Friday, April 13, 2007
By Bivan Saluseki and George Chellah
Friday April 13, 2007 [04:00]
Stay out of Malawi or else we will deal with you, Malawi’s information minister Patricia Kaliati has warned PF president Michael Sata. But Sata said though the case was currently in court, he was grateful that the Malawian authorities had begun giving reasons for his deportation. Meanwhile, Sata's lawyer in Malawi, Ralph Kasambara, advised Kaliati to speak in court where the case is.
In an interview from Malawi on Tuesday, Kaliati said Sata should not draw Malawi into his political battles in Zambia. She was commenting on Sata's decision to drag the Malawian government to court over his deportation from that country last month.
Kaliati said the Malawian government would not even attend Sata's court sittings.
"He should not be fighting in this country. Malawi is not a playground for Sata. Tell him, he should not be playing with this country," she said.
Kaliati said everyone that went to Malawi was expected to abide by and follow immigration procedures and that the immigration had powers to deny anyone entry without giving reasons.
"Sata is not a refugee to enter freely. Even refugees, they don't just enter the country without being screened. We did that with Sata. This is not a refugee camp," she said. "This is not his home. Even in his own house, the wife is aware when he goes out and when he comes back. He does not just walk in the house unnoticed. Malawi is not a toilet where one can go privately."
Kaliati could not state the reasons that led to Sata's deportation upon arrival at Chileka International Airport in Blantyre.
Asked why Sata was being blocked when in the past, her government was reported to have been facilitating Sata's meetings with Taiwanese businessmen, Kaliati said she was not aware of such facilitations.
"If he is a smuggler, he will not do it in Malawi," she said.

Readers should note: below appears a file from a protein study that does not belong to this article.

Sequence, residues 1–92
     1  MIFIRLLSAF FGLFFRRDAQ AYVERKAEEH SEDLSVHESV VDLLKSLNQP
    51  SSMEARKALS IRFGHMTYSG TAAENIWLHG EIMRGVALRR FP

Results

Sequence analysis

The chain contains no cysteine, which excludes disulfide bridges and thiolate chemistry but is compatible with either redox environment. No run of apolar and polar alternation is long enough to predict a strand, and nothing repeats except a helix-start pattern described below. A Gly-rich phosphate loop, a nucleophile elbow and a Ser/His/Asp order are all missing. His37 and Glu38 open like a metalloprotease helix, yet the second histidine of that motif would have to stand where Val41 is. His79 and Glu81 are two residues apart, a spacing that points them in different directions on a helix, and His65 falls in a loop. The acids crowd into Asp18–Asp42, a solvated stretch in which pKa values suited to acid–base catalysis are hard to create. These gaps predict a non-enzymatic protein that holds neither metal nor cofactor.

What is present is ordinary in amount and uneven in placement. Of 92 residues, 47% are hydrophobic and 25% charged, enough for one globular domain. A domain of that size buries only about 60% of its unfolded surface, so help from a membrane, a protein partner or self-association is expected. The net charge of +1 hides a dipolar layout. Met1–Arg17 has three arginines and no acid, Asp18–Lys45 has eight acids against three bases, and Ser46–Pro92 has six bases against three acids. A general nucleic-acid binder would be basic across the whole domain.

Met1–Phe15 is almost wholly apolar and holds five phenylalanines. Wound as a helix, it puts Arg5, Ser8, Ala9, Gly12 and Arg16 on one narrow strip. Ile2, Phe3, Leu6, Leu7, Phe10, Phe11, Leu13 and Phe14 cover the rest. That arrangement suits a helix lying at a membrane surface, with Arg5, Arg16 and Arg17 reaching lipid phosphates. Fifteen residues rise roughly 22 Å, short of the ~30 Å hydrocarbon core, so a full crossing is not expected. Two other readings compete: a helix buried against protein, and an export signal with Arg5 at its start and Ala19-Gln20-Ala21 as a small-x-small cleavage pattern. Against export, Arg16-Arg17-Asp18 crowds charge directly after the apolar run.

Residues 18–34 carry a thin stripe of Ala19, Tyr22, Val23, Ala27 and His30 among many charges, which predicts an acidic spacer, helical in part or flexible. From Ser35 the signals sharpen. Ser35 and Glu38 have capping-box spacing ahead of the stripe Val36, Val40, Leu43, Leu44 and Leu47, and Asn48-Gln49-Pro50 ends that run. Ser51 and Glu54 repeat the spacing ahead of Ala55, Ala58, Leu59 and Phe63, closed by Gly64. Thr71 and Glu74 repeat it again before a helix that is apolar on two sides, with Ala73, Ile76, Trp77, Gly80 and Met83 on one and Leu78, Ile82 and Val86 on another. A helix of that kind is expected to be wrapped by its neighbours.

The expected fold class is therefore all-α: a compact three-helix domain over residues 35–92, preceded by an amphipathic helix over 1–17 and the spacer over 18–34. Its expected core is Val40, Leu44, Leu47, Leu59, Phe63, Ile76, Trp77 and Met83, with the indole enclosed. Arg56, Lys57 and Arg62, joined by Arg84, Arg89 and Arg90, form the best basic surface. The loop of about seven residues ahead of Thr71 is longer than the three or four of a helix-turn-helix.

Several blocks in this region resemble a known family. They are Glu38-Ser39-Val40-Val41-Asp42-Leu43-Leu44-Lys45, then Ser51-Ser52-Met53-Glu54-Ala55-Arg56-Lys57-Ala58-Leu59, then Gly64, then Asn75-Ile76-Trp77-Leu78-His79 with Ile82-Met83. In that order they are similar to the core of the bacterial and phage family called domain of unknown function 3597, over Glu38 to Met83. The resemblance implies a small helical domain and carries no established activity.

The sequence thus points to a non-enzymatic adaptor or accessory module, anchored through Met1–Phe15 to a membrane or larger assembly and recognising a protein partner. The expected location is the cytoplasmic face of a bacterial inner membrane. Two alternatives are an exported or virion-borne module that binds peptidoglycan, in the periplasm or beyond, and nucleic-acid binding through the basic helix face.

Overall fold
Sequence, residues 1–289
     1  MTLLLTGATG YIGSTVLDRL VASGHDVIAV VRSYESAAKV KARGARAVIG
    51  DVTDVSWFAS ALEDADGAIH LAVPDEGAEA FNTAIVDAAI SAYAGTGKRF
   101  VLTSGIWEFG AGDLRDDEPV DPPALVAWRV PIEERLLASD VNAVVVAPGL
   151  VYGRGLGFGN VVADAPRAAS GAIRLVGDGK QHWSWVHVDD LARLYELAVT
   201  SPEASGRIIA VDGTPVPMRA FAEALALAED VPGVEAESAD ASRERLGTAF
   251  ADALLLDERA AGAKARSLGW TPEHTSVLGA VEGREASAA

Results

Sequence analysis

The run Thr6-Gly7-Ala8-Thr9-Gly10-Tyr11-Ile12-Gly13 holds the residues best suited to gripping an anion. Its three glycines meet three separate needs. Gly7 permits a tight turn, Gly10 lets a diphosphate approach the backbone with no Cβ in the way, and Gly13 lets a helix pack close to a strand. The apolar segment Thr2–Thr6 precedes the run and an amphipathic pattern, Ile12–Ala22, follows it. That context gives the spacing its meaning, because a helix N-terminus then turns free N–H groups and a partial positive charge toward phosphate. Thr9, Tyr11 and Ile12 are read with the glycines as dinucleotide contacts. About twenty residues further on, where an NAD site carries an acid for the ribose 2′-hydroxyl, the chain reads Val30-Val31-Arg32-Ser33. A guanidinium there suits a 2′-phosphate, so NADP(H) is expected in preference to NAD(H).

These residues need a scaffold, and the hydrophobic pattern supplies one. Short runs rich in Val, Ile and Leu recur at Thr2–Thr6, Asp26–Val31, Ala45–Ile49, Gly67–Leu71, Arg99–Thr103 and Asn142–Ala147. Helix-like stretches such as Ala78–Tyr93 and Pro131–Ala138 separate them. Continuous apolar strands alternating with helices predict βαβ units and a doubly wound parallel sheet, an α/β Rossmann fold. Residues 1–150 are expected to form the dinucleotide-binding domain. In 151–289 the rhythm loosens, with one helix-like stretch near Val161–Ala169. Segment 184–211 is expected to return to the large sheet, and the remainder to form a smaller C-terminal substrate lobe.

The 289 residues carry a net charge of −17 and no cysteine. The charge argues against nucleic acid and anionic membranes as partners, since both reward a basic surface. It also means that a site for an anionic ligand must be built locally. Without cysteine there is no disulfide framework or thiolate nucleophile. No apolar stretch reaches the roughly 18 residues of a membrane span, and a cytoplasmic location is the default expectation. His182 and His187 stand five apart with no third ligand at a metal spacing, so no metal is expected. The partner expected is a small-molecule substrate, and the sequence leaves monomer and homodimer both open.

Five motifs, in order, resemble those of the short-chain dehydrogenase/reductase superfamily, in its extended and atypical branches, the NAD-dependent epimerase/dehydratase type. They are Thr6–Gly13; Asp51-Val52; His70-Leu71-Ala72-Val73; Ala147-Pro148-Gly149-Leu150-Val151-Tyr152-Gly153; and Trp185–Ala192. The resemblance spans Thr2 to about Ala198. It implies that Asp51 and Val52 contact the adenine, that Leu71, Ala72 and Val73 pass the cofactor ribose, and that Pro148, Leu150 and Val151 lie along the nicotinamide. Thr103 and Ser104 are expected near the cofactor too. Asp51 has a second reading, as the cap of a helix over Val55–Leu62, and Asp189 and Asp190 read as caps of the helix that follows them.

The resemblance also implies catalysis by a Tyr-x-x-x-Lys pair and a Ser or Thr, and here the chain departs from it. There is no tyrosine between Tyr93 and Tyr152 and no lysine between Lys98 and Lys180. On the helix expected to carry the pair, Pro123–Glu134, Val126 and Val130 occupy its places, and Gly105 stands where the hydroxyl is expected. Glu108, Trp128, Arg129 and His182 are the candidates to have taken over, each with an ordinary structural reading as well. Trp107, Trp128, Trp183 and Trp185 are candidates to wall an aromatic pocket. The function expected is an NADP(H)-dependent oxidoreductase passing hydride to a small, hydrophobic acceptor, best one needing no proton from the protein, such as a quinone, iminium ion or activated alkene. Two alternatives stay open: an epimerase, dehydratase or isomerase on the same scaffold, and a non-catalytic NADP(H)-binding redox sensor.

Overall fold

Kaliati said it seemed Sata had a lot of money to waste by suing the Malawian government over his deportation.
"We will not even attend that (court case). He will attend with his wife. He wants to spend his money here. We want to warn him, Malawi is not a beerhall where you walk in freely," said Kaliati.
But Sata, who initially laughed at Kaliati's statement, said since Malawi was in the Commonwealth he was confident that the courts were independent to handle his case.
"She is advancing new grounds which they didn't say so we would like her to go and advance them in court. We are grateful that they are now giving reasons one by one as to why they deported me," he said.
Sata said it was contemptuous for Kaliati to comment on a matter that was already in court.
"Our dear lady is committing contempt of court. She is committing her government in a matter which is in court. Let her advance those reasons in court. Probably that's how ministers behave in Malawi. But I am very sure President Bingu would not support that idea of commenting on matters that are in court," Sata said. "I would also like to beg this madam not to drag my wife in this... it's me who was deported and not my wife so what has my wife got to do with this? You don't even comment about a woman you don't even know. Why is she excited?"
And Kasambara advised Kaliati to go and speak in court since the case was already in court.
"Right now the case is in court so I would rather not comment about that. But if this is what they are commenting, we would rather she comments in court," he said.
Kasambara, an Attorney General in President Bingu wa Mutharika's administration until last year, has commenced a judicial review against the Ministry of Home Affairs and the chief immigration officer for not telling Sata reasons for his deportation.
"Malawi violated his consumer rights for fair administrative justice, infringed upon his freedom of movement and the right to carry out an economic activity," he stated.
Attorney General Jane Ansah said she saw the letter Sata wrote to government seeking an explanation for being denied entry into Malawi but had not yet studied the court documents.